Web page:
(Image: Porsche)

If Porsche really wanted me to test the new Macan GTS in its natural environment they’d have sent me to the mall. But here we are playing rally cars in Colorado, on a public-road-turned race course with more turns than a small intestine.

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(Full disclosure: This story made possible by Porsche, which flew me to Colorado, took care of all my accommodations for a couple days, pretended not to mind that I billed a six-dollar coffee to a hotel room (I still feel dirty, but there were no prices on the menu), let me put a couple hundred hard miles on a Macan GTS, and oh yeah– rented out one of the most incredible roads I’ve ever seen for us to go hog-wild on.)

New for 2017, the GTS trim is supposed to have the Macan Turbo’s cornering and carving performance chops without quite as much power or as high of a price. As such, it occupies a strange space in Porsche’s lineup.

(Image: Andrew P. Collins)

You can’t describe it with any word adjacent to “value” since the MSRP starts at about $70,000. The one I drove was optioned to almost $90,000. You’re not buying it to save money over a greater Porsche, so it needs to survive off its own merits to justify its existence.

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Everything you like about the Macan Turbo, or frankly any Porsche you may have had the privilege to drive recently, is beautifully baked into the Macan GTS. The steering’s sharp enough to cut yourself on. Transmission shifts with the ruthlessness of a cossack executioner. The interior, oh man, it’s like you died and went to Hammacher Schlemmer.

(Image: Andrew P. Collins)

All Porsche Macans are turbocharged, despite only one having the word “Turbo” stamped on the trunklid. The other trims, including the GTS, are just 40 horsepower shy of the Turbo. That means the turbocharged 3.0 V6 in the cars is rated to 360 horsepower at a gloriously noisy 6,000 RPM.

At sea level.

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But I was not driving this Macan GTS at sea level. I was in a convoy tearing up the legendary Pikes Peak Hill Climb course, rented out by Porsche for the morning just a few weeks before the race’s 100th anniversary of the famous race.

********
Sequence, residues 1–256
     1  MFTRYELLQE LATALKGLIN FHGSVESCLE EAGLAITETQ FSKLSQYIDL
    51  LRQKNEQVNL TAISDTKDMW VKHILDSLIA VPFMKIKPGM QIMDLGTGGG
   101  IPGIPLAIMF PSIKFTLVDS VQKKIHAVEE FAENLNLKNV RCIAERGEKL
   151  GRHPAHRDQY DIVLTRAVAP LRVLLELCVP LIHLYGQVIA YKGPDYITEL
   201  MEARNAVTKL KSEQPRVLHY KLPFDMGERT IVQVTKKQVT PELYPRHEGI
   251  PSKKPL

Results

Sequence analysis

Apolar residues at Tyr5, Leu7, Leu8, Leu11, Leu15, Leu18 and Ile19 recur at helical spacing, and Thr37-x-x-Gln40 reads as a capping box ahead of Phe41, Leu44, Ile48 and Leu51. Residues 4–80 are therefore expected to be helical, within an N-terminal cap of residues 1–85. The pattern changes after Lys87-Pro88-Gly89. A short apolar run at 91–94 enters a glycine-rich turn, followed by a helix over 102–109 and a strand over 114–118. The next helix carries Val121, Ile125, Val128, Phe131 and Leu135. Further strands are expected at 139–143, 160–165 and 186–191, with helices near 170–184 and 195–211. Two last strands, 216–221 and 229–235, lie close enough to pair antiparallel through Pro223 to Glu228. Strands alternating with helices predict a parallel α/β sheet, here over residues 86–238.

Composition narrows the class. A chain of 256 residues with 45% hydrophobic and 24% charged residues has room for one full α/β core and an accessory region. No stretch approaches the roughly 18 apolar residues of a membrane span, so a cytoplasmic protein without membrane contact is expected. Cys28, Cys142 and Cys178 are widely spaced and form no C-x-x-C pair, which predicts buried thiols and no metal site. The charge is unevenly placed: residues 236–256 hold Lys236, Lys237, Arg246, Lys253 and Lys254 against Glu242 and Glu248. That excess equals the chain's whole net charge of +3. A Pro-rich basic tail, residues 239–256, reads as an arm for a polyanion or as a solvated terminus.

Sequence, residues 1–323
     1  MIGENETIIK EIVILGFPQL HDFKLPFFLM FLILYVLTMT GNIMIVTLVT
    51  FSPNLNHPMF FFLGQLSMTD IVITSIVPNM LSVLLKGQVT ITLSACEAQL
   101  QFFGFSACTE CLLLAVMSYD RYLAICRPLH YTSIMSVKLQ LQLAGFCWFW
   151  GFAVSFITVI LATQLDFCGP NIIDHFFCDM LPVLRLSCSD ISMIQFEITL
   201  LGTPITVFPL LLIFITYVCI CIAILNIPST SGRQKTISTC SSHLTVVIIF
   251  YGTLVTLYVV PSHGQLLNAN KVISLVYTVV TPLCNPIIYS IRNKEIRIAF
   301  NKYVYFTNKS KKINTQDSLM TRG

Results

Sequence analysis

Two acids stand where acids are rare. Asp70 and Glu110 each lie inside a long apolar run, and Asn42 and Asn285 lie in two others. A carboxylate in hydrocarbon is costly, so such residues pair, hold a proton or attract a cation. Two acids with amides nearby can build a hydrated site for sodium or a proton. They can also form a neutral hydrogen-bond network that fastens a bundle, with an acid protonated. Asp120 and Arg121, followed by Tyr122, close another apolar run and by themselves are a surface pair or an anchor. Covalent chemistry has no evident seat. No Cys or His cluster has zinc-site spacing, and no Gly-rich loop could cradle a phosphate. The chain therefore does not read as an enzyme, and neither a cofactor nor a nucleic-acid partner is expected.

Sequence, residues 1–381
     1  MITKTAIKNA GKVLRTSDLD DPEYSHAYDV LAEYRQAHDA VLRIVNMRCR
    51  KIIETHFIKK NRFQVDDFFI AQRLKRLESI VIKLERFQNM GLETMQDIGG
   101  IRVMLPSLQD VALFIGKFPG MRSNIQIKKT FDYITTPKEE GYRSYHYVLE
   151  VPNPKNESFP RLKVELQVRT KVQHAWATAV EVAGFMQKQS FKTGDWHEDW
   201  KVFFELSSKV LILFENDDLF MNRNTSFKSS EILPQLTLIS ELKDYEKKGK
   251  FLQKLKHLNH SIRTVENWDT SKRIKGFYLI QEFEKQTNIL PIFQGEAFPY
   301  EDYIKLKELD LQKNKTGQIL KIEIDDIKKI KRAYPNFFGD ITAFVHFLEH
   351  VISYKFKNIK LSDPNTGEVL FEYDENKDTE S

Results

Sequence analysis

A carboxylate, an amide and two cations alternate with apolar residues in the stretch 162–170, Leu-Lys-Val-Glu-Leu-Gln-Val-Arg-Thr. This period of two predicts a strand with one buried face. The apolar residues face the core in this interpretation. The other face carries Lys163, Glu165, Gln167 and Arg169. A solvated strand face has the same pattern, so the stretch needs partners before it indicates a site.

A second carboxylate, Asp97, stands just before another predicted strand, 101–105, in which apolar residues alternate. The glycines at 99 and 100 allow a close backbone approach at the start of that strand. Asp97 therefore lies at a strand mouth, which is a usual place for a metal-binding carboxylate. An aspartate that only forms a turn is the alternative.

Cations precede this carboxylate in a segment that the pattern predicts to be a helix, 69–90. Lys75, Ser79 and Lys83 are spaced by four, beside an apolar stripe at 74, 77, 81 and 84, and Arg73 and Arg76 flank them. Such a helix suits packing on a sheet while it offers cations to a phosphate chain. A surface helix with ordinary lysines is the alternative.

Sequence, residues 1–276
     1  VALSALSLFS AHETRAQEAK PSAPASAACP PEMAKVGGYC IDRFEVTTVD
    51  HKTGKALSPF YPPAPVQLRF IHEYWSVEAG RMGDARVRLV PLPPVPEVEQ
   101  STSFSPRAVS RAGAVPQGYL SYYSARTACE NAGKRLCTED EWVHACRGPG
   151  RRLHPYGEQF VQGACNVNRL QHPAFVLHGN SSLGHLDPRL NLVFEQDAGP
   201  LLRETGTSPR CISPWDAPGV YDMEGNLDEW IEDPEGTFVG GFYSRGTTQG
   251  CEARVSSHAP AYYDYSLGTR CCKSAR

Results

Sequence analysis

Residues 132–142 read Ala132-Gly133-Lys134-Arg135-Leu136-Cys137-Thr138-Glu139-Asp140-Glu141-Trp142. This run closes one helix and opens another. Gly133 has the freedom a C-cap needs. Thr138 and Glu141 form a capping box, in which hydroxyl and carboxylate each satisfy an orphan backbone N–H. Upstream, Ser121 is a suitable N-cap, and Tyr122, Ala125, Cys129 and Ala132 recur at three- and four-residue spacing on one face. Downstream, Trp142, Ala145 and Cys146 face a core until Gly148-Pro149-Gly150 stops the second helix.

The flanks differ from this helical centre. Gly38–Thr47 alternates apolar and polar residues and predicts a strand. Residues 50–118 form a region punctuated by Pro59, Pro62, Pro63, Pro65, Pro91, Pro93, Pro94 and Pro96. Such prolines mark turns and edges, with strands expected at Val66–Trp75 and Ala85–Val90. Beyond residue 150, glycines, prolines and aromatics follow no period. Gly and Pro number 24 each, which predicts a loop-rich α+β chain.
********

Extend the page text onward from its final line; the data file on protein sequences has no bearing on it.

The Pikes Peak course starts at 9,390 feet, almost two miles into the sky, and finishes at the 14,115 where a short jog makes you feel 50 pounds heavier and a sip of O’Doul’s can give you a hangover. Engines, even modern computer-controlled ones, don’t run so well up there.

“It will give you a chance to really feel the shift points and torque vectoring,” Porsche’s PR team assured me, knowing I was about to be surprised at how slow 360 horsepower could feel. Can anyone really feel torque vectoring, though?

Truth is the air-starved engine did open the car up to greater scrutiny. Right off the line the powerband was like an anxious animal hiding in the corner of a cage at the top of the rev range. Nevertheless, there was plenty left to provoke by repeatedly prodding it.

(Image: Andrew P. Collins)

At the head of our convoy was multiple Pikes Peak record holder and Porsche guru Jeff Zwart in a gutted and growly (but vaguely street legal) 911 GT2 he won with in 2002 and pretty much hadn’t seen since.

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“Here’s where that GT-R went off last year,” Zwart radioed at one point, kicking rocks down a cliff with his tires. The words were ominous but his tone told us that he was steering with a knee and enjoying the scenery. Farther back in the pack, I was putting permanent sweat stains in the Macan’s leather.